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Proceedings from the Workshop on Science-Based Assessment: Accelerating Product Development of Combination Medical Devices delays in the time it takes for new technologies to become available for seriously ill patients. In some instances, requirements for science-based testing can stop the pursuit of life-saving innovations. In a worst-case scenario, science-based testing requirements could become prescriptive and inflexible and could strongly inhibit, if not eliminate, the use of sound clinical judgment. It is illuminating to examine how several major medical breakthroughs—kidney dialysis, prosthetic heart valves, the transistorized external cardiac pacemaker, and the tined pacing lead—reached clinical practice. In each case, although researchers appreciated the need for science-based testing prior to patient use, clinical judgment overrode the science in decision making. These reasoned judgments served the interests of patients and society by enabling the timely introduction of innovative treatments for diseases that were previously either untreatable or ineffectively treated. In addition, these breakthroughs provided the technological foundation for clinically significant spin-off innovations that are now part of the therapeutic armamentarium. In summary, although researchers generally appreciate the importance of science-based testing, calculated risk taking based on clinical judgment is often an integral part of innovation. A certain degree of empiricism plays an important role in breakthroughs. In the context of life-threatening, poorly treated diseases, an approach that responsibly minimizes the time from concept to clinic ultimately favors patients and society. For breakthrough innovations addressing unmet clinical needs, a considered balance between a rigorous and relatively inflexible science-based testing approach and judgment-based empiricism may facilitate the more rapid introduction of safe and effective technologies. As technologies become more mature, the importance of science-based testing increases to help ensure favorable performance comparisons, quality, and consistency. BIOFILMS AND MEDICAL DEVICES William Costerton Center for Biofilm Engineering Montana State University Biofilms are formed when bacteria attach to surfaces and aggregate in a hydrated polymeric matrix of their own synthesis. Many persistent and chronic bacterial infections—including periodontitis, otitis media, and cystic fibrosis pneumonia—are caused by the formation of these sessile communities and their inherent resistance to antimicrobial agents. New diseases can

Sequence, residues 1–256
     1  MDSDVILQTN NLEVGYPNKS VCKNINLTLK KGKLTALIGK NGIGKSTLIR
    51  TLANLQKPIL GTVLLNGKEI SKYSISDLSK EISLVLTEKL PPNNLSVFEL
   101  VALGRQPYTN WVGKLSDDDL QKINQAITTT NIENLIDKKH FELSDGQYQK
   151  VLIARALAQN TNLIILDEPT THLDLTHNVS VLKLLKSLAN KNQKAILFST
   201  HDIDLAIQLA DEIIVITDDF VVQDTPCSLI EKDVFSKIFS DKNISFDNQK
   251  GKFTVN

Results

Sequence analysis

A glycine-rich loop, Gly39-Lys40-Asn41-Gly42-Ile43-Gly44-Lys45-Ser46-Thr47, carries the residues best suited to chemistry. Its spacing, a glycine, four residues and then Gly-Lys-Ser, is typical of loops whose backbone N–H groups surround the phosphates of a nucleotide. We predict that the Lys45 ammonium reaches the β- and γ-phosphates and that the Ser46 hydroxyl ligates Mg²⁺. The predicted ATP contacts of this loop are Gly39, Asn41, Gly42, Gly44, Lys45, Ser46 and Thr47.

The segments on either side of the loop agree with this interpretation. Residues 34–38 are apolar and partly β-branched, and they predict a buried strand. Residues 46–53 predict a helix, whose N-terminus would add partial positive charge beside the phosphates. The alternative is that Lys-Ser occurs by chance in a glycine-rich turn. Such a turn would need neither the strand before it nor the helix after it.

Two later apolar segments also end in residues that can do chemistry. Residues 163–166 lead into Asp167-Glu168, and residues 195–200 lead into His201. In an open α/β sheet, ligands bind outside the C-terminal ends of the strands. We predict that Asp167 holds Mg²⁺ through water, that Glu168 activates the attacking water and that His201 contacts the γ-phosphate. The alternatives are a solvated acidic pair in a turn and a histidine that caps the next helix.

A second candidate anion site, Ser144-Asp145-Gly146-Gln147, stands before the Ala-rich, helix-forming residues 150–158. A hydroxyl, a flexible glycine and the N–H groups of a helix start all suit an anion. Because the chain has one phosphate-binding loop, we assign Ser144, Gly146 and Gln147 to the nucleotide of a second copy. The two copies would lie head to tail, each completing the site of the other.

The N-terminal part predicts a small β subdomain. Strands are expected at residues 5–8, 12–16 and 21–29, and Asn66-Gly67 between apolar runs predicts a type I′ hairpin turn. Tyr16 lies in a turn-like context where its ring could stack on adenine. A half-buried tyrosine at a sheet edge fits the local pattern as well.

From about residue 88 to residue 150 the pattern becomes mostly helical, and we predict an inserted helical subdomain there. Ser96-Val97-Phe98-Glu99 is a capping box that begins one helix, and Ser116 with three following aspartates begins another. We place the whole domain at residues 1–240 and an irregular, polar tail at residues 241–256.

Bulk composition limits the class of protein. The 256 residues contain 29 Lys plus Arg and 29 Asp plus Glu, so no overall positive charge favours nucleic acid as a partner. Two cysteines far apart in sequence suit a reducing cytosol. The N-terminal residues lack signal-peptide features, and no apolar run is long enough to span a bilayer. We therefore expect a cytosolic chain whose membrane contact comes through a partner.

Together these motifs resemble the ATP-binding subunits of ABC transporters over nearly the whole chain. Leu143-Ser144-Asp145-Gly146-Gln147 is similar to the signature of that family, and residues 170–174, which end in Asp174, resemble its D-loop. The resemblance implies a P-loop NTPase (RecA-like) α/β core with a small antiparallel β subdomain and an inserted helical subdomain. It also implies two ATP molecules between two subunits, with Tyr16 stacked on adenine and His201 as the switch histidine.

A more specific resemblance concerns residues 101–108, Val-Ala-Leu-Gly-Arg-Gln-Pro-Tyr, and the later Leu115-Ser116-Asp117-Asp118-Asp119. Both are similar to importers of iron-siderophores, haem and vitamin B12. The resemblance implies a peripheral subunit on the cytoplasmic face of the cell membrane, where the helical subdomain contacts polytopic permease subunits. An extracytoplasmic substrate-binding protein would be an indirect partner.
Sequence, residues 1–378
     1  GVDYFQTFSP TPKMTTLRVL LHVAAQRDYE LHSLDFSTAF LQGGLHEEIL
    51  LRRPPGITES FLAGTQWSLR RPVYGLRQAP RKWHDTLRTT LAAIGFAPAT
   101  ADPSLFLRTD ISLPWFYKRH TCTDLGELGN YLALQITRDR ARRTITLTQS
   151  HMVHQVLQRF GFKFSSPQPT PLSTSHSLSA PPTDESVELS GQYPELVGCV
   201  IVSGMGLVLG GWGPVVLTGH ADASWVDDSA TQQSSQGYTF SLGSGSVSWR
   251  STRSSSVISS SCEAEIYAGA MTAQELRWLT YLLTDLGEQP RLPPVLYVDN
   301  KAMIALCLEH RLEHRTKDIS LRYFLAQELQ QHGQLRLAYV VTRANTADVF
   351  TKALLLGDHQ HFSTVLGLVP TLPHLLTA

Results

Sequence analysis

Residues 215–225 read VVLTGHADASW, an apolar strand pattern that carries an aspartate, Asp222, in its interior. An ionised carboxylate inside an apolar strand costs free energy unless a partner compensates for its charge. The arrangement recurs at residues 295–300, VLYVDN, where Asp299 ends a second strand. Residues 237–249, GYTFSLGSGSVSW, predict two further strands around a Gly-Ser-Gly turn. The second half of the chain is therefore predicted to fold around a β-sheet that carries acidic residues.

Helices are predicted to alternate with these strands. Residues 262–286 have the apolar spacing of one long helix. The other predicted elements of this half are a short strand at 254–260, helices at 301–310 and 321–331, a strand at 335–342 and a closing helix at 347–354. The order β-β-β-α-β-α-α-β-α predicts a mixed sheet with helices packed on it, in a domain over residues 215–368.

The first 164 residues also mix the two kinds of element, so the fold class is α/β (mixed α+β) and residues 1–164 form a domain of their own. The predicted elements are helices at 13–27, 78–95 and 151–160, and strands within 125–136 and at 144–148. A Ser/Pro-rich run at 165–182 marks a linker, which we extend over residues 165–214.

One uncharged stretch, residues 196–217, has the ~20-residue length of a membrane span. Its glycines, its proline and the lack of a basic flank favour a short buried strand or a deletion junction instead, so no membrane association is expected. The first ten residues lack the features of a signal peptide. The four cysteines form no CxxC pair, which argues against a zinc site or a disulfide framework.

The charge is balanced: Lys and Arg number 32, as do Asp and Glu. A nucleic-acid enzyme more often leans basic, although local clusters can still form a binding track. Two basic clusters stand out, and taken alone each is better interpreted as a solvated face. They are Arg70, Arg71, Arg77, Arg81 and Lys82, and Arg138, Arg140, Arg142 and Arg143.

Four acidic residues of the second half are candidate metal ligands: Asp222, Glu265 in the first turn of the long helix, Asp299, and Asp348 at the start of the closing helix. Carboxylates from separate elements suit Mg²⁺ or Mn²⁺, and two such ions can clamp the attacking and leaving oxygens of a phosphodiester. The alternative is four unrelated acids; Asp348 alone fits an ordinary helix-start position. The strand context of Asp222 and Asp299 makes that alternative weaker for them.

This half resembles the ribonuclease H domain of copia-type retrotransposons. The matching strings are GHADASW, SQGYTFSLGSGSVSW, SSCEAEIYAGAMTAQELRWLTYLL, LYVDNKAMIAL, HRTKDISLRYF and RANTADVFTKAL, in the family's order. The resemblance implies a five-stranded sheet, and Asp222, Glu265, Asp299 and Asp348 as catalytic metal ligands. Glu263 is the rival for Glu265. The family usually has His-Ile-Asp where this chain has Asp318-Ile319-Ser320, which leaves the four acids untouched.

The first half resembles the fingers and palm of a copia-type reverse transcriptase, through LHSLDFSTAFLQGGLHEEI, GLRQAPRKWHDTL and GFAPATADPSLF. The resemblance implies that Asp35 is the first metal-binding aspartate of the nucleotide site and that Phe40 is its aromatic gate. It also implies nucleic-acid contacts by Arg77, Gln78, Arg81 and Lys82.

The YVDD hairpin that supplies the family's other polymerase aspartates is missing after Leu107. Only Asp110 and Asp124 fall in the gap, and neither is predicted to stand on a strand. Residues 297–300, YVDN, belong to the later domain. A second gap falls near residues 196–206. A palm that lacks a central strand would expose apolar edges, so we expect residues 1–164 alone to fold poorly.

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Proceedings from the Workshop on Science-Based Assessment: Accelerating Product Development of Combination Medical Devices become manifest when these bacterial biofilms form on the inert surfaces of biomedical devices; for example, nosocomial infections can occur around sutures and exit sites, catheters, vascular grafts, orthopedic devices, and other implanted materials and devices. Because biofilms are particularly resistant to treatment, removal of the infected device is often necessary. New analytical tools and cross-disciplinary studies have recently advanced understanding of the basic biology of biofilms. It is now understood that most bacteria cause pathogenesis only when combined with an inert surface, such as a medical device, or in an individual with compromised health. On medical devices, bacteria can attach specifically to different surfaces or coaggregate with multiple other bacteria to form a dense bacterial plaque. Bacterial biofilms consist of microcolonies on a surface, where the bacteria have developed into organized communities with functional heterogeneity. Biofilms are characterized by a protected mode of growth that allows survival in a hostile environment. The structures that form in biofilms contain channels in which nutrients can circulate. Cells in different regions of a biofilm exhibit different patterns of gene expression. Biofilms grow slowly, in one or more locations, and biofilm infections are often slow to produce overt symptoms. While sessile bacterial cells release antigens and stimulate the production of antibodies, the antibodies are not effective in killing bacteria in biofilms and may cause damage to surrounding tissues. Even in individuals with excellent cellular and humoral immune reactions, biofilm infections are rarely resolved by the host defense mechanisms. Antibiotic therapy typically reverses the symptoms caused by planktonic cells released from the biofilm but fails to kill the biofilm itself. One mechanism of biofilm resistance to antimicrobial agents is the failure of the agent to penetrate the full depth of the biofilm. The polymeric substances that constitute the biofilm matrix retard diffusion and establish a formidable penetration barrier. Antimicrobial oxidants, such as the products of oxidative burst from phagocytic cells, penetrate poorly into the biofilm matrix before being deactivated. Cells within the biofilm may also become less susceptible to toxic substances through reduced metabolic rates. Finally, cells within the biofilm may develop a specific phenotype that protects them from metabolic attack. Recent advances in genomics and in the sequencing of microbial genomes have provided clues to the genetic mechanisms associated with biofilm development. Bacteria can undergo programmed events that ensure biofilm formation and colony survival, much like the programmed events that white blood cells undergo when summoned to a site of injury. Detailed studies of Pseudomonas aeruginosa, for example, reveal that different genes are involved in the processes of adhesion to a solid surface, formation of microcolonies on the surface, and finally differentiation of microcolonies into